Of course there are houses that must betray their Tyrell fealty, that would make the most sense since the crown is severely outnumbered and not even hipster-pirate Euron could bolster an army so that it could stand against Highgarden, Sunspear, Dragonstone, the Greyjoy rebels, the Unsullied, the Dothraki, and the North. Add Qyburn to that mix and there’s potential for team Cersei to cause some serious damage, seeing as the rogue maester is seemingly mass producing gigantic dragon-killing spear chuckers.
In addition to discovering that Dragonstone is flowing with precious dragonglass, Sam seems to be on a bit of a roll over at The Citadel, spending his time under the stern eye of Archmaester Ebrose. Aside from the entertaining meta reference of Ebrose writing what is essentially A Song of Ice and Fire (well, “Chronicle of the Wars Following the Death of King Robert the First” for lack of a more poetic title), Sam’s scenes work towards a cure for Jorah, whose greyscale has progressed rapidly but won’t completely take over his mind for another six months or so. This hopefully takes these two excellent (honestly Jorah is great, and if you don’t think so I do not like you) characters and puts them on a path to what is soon to be a Jon/Dany alliance.
We’re shown very few steps over at Winterfell but one of those is the very significant passing of the torch from Jon to Sansa, leaving the eldest Stark girl in charge of the North who interestingly looks immediately at Littlefinger when she finds out that she’s to be in charge. Look for this dynamic to ramp up as Littlefinger attempts to grab a bit of Sansa’s power for himself – and if Arya is really heading back to Winterfell, it’s looking like that power play isn’t going to end well for Lord Baelish. This of course also means that Jon has fully committed to giving up his unwilling Kingship and doing what needs to be done, heading to Dragonstone – with the incredibly underrated Davos – to forge an alliance with Dany.
Now of course we have that massive ending, letting us know that it’s going to be all out war now, as Cersei has unwittingly drawn first blood. Euron attacks the absolute shit out of Yara’s fleet, causing chaos and complete destruction plus the death of the two eldest Sand Snakes. This was necessary to highlight just how vicious Theon’s uncle is, and also bring attention back to Theon’s complex arc which sadly involves a heavy, sister-abandoning dose of PTSD (Ramsay may be dead but his legacy lives through Reek). Alfie Allen is superb as the camera slowly focuses in on Theon’s face, really selling just how broken he is, putting some serious doubt into any expected redemption arc by having him abandon his sister and jump into the water knowing that his uncle will kill Yara. Her tear at the end may have not been for her life, but for the realisation that her “baby brother” is too far gone to ever survive in this world. It’s too much of a stretch to think Theon will now go and rescue Yara (she’ll be dead in an episode or two, but I predict we’ll be seeing Ellaria and her daughter’s death first, at the hands of The Mountain).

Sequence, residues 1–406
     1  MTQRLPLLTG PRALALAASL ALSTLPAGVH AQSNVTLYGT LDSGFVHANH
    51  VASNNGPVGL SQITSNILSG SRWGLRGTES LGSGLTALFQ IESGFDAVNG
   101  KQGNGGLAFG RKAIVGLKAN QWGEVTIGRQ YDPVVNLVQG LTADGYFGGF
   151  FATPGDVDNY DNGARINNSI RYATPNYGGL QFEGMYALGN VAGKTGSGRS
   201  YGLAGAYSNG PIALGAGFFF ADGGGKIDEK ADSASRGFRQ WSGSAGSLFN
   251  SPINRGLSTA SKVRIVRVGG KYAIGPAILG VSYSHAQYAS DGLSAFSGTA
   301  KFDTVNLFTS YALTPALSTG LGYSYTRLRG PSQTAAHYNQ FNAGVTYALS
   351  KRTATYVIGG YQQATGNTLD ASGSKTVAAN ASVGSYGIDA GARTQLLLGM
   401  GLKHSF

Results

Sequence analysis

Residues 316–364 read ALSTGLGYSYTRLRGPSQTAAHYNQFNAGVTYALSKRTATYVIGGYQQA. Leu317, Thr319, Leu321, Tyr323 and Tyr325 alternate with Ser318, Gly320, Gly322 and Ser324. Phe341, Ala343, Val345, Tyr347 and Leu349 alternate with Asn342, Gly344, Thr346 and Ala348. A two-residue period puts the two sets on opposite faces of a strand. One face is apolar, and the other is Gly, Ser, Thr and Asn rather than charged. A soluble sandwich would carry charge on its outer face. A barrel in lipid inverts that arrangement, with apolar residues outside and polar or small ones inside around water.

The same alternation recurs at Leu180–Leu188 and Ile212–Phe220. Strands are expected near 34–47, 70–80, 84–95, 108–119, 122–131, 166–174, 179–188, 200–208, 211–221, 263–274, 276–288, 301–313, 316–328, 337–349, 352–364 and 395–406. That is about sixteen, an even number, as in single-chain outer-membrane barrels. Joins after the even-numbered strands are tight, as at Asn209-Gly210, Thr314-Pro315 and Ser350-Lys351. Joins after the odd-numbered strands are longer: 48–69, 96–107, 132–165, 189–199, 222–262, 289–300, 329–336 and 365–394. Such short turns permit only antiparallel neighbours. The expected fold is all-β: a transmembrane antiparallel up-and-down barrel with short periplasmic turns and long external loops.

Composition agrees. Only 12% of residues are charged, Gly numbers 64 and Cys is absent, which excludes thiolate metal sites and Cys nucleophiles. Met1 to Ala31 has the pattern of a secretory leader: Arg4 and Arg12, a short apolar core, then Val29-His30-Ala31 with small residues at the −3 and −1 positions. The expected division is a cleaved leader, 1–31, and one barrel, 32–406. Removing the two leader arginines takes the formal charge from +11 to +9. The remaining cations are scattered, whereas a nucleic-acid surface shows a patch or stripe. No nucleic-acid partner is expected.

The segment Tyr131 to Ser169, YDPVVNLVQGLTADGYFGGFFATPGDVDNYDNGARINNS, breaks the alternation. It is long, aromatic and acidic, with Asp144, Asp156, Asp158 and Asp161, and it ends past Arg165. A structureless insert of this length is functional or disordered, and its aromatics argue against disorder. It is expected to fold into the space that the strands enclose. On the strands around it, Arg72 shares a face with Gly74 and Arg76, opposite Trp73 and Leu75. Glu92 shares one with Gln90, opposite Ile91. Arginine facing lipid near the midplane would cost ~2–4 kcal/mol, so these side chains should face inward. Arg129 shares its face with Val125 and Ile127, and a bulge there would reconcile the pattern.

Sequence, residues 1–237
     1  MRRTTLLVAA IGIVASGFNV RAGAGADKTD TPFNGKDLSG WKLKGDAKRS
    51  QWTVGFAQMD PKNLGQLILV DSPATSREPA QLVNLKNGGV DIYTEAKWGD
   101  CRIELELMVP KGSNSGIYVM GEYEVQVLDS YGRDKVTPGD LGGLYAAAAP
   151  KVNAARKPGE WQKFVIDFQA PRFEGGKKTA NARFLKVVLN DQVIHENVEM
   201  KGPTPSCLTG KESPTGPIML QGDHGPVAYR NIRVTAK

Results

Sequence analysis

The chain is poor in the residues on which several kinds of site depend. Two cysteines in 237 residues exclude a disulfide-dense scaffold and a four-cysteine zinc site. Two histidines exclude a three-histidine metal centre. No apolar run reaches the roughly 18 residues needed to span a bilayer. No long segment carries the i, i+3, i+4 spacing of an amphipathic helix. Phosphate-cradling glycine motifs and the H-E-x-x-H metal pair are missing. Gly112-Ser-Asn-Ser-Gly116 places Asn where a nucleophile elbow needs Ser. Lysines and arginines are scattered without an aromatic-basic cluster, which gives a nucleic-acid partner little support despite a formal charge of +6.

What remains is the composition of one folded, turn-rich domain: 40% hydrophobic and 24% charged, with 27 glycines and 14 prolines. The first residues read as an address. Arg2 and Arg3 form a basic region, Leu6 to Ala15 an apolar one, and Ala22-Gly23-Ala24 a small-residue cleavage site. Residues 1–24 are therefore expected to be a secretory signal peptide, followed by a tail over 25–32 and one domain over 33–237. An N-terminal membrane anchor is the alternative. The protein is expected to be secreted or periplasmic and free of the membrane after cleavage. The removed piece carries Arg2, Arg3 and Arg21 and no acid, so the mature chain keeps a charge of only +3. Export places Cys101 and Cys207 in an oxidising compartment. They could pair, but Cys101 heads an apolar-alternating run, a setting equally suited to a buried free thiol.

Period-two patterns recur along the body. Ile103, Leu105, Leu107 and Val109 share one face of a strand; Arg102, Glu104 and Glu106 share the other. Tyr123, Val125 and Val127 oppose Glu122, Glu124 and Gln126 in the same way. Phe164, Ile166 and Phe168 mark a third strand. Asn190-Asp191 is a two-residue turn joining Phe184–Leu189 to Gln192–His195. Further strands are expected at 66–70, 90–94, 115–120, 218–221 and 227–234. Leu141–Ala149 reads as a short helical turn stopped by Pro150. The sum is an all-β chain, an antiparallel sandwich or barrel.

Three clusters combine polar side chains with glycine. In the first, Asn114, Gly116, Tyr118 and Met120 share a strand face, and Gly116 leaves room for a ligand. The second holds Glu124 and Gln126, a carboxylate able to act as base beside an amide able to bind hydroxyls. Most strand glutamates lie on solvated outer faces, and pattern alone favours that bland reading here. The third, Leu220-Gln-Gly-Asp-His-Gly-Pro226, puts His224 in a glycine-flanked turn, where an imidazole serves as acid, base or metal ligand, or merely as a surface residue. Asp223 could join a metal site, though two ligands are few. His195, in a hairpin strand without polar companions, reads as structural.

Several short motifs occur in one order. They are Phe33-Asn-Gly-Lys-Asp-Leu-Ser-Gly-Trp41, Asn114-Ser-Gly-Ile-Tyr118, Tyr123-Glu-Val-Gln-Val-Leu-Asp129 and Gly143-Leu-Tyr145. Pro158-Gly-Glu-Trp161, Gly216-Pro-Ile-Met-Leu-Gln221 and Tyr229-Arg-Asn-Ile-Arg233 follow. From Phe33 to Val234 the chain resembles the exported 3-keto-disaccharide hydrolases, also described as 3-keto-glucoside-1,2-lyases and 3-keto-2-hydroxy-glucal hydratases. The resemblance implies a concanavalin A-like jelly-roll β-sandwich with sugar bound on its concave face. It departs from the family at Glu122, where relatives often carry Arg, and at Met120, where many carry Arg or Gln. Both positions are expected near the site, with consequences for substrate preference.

Unless there’s some massive “you want a good girl but you need a bad pussy” type fuck up this season I highly doubt that any of these Game of Thrones episodes will be disappointing. There’s still so much that needs to happen, and these first two episodes have shown us that the writers are wasting absolutely zero time (okay maybe except throwing Grey Worm and Missandei into an overlong sex scene) here.
Review Score: FOUR AND A HALF STARS (OUT OF FIVE)
- Arya finds out about Jon from Hot Pie
- Sam determined to cure Jorah
- Tyrion speaks highly of Jon
- Euron fucks up the Greyjoy fleet
- Varys sticks up for himself
- Nymeria rejects Arya (for now)
- Playful editing adds character to the episode
- Olenna her usual witty self
- Too much time spent with the Grey Worm sex scene
- Jon threatens Littlefinger but there has been very little tension built up between the two characters. There’s implied context, but still there should have been a few scenes to highlight this.
- WHERE IS BRONN?
- WHERE IS GHOST?
- Although the Grey Worm and Missandei scene felt awkwardly long it’s an interesting and very well-done development of the Unsulled soldier’s character (sadly Missandei is relegated to catalyst for now) having expressed his weakness and also his very human vulnerability; you know, the kind that comes being an eunuch.
- I love Yara as a character and really hope she isn’t on the chopping block. As I mentioned above, we’re likely going to see the death of the Dornish captors at the hands of The Mountain and it’ll be spectacularly gory. Yara has much more to offer as a character though, so wasting her fate on gratuitous torture porn will feel cheap. It’s unlikely but I am hoping that Theon somehow saves her, at least somewhere down the line.
- It’s interesting having Jamie so committed to team Cersei, bringing a bit of complexity to the King’s Landing side of things. Remember, we’re supposed to like Jamie now since he’s had his whole redemption arc.
- Sam for Iron Throne please.
Game of Thrones airs at the same time as in the U.S, every Monday at 11am AEST on Showcase, Foxtel. It repeats at 8pm AEST.
Photo: Helen Sloan / HBO